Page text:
Throughout February Stony Brook University will host Black History Month, an annual tradition that celebrates the African American experience.
The month will kick off with the Black History Month Opening Ceremony on January 30, from 1 pm to 2:30 pm in the Student Activities Center, Ballroom A. The guest speaker is Shaun Harper, who is on the faculty in the Graduate School of Education, Africana Studies, and Gender Studies at the University of Pennsylvania. He also is director of the Center for the Study of Race and Equity in Education, as well as co-founder of the Penn GSE Black Male Grad Prep Academy.
Professor Harper maintains an active research agenda that examines race and gender in higher education, Black male college access and achievement, and college student engagement. He has published nine books and more than 90 peer-reviewed journal articles and other academic publications. Harvard University Press is publishing his newest single-authored book, Exceeding Expectations: Black Male Achievers and Insights into College Success.
Harper is editor-in-chief of the Routledge book series on Race and Racism in U.S. Higher Education. Several associations have praised his scholarship, including the Association for the Study of Higher Education (2008 Early Career Award), the American Educational Research Association (2010 Early Career Award) and the National Association of Student Personnel Administrators (2012 Robert H. Shaffer Award for Faculty Excellence).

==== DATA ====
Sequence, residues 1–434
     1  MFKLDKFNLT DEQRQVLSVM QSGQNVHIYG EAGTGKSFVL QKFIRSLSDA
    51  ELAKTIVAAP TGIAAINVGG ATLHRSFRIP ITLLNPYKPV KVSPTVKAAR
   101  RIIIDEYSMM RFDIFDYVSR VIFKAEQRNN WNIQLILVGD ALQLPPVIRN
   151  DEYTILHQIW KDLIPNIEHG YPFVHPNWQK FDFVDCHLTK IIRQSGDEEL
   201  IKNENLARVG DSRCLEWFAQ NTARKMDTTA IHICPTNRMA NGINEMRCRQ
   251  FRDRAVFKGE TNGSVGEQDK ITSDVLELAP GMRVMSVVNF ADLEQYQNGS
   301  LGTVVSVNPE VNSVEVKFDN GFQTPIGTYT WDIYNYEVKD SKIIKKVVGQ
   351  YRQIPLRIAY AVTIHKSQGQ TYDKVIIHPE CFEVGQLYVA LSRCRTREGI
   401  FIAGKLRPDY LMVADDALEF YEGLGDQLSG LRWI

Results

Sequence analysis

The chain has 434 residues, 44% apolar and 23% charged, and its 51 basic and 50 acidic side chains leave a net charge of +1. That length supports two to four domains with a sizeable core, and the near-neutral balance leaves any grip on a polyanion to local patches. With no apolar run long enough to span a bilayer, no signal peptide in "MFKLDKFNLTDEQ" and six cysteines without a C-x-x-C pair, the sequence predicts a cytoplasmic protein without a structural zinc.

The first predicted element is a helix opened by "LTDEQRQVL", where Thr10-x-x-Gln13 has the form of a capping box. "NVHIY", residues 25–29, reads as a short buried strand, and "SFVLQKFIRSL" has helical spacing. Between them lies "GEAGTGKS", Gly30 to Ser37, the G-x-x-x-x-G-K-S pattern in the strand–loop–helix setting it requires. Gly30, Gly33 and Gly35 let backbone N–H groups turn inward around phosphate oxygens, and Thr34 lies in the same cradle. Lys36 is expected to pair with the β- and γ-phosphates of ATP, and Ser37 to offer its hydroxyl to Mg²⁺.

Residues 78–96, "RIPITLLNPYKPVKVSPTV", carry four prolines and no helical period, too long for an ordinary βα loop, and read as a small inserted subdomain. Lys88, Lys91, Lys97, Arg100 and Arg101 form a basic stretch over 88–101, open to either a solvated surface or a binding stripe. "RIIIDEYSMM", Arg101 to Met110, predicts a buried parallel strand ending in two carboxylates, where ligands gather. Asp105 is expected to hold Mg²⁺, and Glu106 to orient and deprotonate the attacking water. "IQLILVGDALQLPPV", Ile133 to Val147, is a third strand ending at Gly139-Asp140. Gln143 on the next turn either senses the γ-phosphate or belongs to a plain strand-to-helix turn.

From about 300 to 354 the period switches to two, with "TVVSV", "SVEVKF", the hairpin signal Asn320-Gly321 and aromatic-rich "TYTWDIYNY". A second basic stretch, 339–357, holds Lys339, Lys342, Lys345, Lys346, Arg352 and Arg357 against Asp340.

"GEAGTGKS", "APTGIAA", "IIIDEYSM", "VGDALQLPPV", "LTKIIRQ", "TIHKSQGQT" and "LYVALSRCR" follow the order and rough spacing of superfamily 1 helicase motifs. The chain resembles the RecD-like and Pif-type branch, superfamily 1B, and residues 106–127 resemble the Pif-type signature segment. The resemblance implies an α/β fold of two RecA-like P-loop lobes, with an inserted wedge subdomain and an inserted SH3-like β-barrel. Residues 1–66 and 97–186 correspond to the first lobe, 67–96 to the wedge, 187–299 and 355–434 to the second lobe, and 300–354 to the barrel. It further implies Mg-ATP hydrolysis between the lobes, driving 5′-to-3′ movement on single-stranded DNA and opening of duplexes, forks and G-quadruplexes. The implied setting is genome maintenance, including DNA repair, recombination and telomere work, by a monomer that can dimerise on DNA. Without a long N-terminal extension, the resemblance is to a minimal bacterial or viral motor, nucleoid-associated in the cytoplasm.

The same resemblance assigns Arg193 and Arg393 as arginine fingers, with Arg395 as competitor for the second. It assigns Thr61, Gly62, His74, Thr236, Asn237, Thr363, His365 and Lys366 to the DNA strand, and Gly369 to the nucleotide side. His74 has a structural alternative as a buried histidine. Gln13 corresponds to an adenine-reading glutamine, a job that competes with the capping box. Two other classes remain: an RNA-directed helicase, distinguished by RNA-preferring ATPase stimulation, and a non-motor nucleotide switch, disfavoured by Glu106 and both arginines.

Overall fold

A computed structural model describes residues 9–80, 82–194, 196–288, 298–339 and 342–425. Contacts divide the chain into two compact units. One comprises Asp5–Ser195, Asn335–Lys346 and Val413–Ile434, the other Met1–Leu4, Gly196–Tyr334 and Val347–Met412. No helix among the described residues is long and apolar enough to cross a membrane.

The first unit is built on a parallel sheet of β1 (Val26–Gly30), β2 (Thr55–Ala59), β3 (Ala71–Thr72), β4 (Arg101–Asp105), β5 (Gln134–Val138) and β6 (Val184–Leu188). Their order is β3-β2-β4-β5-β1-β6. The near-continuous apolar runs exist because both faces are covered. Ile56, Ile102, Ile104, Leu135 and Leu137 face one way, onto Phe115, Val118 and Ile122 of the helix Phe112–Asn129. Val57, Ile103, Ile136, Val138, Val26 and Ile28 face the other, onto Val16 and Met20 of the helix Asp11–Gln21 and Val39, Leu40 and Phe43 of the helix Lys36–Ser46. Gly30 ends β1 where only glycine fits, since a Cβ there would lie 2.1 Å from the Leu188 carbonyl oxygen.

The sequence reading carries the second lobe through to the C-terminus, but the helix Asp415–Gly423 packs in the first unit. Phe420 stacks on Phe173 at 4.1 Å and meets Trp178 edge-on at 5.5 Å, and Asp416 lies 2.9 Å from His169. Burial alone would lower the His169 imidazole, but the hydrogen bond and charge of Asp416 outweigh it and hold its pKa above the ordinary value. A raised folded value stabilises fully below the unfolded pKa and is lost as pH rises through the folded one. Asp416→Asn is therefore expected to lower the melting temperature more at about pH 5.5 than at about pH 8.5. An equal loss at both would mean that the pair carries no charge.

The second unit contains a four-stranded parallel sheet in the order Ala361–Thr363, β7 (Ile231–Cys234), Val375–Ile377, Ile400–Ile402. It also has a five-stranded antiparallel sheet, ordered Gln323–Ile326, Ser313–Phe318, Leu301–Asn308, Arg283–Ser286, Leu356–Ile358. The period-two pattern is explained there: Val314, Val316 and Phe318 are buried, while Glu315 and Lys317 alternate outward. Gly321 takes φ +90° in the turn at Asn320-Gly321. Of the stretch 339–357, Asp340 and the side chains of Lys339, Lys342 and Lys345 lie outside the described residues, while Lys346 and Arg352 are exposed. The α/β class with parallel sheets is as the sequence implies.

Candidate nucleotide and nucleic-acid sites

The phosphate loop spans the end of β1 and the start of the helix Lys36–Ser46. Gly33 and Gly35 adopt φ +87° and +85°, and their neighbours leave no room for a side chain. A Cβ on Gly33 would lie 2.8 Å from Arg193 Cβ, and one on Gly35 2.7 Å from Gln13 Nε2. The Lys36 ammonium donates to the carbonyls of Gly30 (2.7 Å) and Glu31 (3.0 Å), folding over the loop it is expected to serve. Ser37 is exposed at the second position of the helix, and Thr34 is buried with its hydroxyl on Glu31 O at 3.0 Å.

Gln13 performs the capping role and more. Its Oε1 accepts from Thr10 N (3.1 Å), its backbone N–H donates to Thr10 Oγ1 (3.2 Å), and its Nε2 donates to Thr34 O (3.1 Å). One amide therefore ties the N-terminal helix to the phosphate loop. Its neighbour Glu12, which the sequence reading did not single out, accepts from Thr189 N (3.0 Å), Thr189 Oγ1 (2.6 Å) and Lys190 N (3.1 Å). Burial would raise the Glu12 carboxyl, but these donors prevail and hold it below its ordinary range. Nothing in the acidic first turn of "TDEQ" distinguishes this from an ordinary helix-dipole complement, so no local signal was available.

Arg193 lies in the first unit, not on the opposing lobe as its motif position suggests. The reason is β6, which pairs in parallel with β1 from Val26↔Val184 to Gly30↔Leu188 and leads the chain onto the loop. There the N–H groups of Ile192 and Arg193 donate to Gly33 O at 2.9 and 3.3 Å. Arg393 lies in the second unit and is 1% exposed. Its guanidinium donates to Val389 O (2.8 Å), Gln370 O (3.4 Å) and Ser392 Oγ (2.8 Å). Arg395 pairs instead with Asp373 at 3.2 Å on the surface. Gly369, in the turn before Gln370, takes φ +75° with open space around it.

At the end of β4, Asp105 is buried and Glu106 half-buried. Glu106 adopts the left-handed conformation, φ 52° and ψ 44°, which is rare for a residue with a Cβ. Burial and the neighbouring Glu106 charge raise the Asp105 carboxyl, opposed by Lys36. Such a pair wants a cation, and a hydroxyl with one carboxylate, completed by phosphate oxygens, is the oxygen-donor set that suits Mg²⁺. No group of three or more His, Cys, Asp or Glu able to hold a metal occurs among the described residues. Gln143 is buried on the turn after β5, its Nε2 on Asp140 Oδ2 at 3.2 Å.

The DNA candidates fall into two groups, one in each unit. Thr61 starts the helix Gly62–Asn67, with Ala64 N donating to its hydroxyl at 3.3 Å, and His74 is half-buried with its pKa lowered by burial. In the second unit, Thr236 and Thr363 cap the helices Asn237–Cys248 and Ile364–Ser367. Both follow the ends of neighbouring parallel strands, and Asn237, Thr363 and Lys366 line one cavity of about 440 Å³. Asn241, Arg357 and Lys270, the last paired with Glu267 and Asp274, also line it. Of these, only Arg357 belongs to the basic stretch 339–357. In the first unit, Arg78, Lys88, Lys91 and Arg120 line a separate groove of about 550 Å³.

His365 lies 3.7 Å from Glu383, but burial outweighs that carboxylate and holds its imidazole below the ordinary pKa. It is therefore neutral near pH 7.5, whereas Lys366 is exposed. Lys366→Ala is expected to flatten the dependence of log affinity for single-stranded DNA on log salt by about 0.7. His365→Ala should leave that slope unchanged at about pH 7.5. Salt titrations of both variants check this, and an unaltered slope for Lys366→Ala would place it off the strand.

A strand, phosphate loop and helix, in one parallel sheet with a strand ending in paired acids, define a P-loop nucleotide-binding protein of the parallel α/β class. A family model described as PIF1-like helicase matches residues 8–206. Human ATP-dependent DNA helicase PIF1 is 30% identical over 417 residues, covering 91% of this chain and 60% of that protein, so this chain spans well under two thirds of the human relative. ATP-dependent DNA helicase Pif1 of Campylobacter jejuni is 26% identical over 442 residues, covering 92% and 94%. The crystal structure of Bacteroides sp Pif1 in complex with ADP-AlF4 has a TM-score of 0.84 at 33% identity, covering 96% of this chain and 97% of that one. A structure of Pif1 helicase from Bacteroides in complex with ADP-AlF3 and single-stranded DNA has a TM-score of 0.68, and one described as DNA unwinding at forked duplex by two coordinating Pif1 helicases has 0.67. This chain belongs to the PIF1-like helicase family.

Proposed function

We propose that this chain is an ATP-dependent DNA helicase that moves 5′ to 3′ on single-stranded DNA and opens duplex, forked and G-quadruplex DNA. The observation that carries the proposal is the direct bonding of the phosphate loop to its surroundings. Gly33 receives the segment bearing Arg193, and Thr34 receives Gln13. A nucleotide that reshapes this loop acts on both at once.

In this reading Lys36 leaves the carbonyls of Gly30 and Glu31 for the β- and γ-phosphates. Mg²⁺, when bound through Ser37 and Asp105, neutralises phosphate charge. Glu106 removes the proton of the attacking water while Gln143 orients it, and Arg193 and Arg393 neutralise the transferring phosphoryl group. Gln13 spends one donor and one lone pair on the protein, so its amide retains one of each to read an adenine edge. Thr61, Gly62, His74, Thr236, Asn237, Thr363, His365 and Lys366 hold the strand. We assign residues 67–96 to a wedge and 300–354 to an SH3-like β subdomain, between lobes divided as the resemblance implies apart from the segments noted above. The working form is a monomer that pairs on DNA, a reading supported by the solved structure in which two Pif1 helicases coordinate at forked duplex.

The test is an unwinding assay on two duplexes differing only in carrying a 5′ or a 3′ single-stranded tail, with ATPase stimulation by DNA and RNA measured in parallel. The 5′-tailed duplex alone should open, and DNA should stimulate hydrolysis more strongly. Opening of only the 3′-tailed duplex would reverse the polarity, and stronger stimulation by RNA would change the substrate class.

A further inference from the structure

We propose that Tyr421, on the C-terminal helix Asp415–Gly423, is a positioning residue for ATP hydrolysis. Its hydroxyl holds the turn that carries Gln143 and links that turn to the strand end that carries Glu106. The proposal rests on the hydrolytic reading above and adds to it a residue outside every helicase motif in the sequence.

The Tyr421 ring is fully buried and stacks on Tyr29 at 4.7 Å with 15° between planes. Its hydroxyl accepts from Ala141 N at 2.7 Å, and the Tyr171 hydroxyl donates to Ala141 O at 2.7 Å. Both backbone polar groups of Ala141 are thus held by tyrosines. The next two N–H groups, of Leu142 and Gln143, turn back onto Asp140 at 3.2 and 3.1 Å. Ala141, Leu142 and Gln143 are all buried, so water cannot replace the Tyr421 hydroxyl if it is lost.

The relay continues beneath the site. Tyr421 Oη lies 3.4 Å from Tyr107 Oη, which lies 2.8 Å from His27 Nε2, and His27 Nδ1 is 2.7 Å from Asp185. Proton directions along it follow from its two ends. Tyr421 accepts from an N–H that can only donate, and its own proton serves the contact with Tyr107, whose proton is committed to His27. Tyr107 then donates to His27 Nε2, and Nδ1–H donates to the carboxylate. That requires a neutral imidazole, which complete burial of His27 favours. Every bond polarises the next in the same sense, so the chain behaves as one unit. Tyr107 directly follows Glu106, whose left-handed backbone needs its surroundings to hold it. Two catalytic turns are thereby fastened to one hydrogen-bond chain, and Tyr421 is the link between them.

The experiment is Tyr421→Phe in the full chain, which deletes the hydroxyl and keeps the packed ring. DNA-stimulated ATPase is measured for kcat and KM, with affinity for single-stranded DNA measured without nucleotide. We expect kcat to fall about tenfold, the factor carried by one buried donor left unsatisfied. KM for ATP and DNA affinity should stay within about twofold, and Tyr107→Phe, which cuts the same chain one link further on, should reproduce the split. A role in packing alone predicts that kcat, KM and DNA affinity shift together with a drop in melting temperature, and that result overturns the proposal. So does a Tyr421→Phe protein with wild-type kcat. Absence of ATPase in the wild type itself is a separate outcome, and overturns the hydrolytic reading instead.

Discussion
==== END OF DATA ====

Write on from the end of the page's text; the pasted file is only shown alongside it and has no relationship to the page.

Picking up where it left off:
Professor Harper earned his bachelor’s degree from Albany State, a historically Black university in Georgia, and his PhD in higher education from Indiana University.
Throughout February there will be educational, social and cultural programs reflecting the month’s theme — Sankofa! The Revival — held on campus. The concept of Sankofa has its origin in Ghana, West Africa. When literally translated, it means, “it is not taboo to go back and fetch what you forgot.” Sankofa is used throughout the pan-African world to promote the idea that African people must go back to their roots in order to move forward. The theme Sankofa! The Revival was created to re-ignite awareness, appreciation, passion and commitment to Black History Month for all people, but especially those whose ancestors are from the African Diaspora.
Additional programs include the Black History Month Unity Forum on February 26 and the Black History Month Spoken Word Contest on February 21. The activities culminate on February 28 with the Black History Month Closing Program.
All events are open to members of the Stony Brook University community. For a current calendar of events, visit www.stonybrook.edu/blackhistory.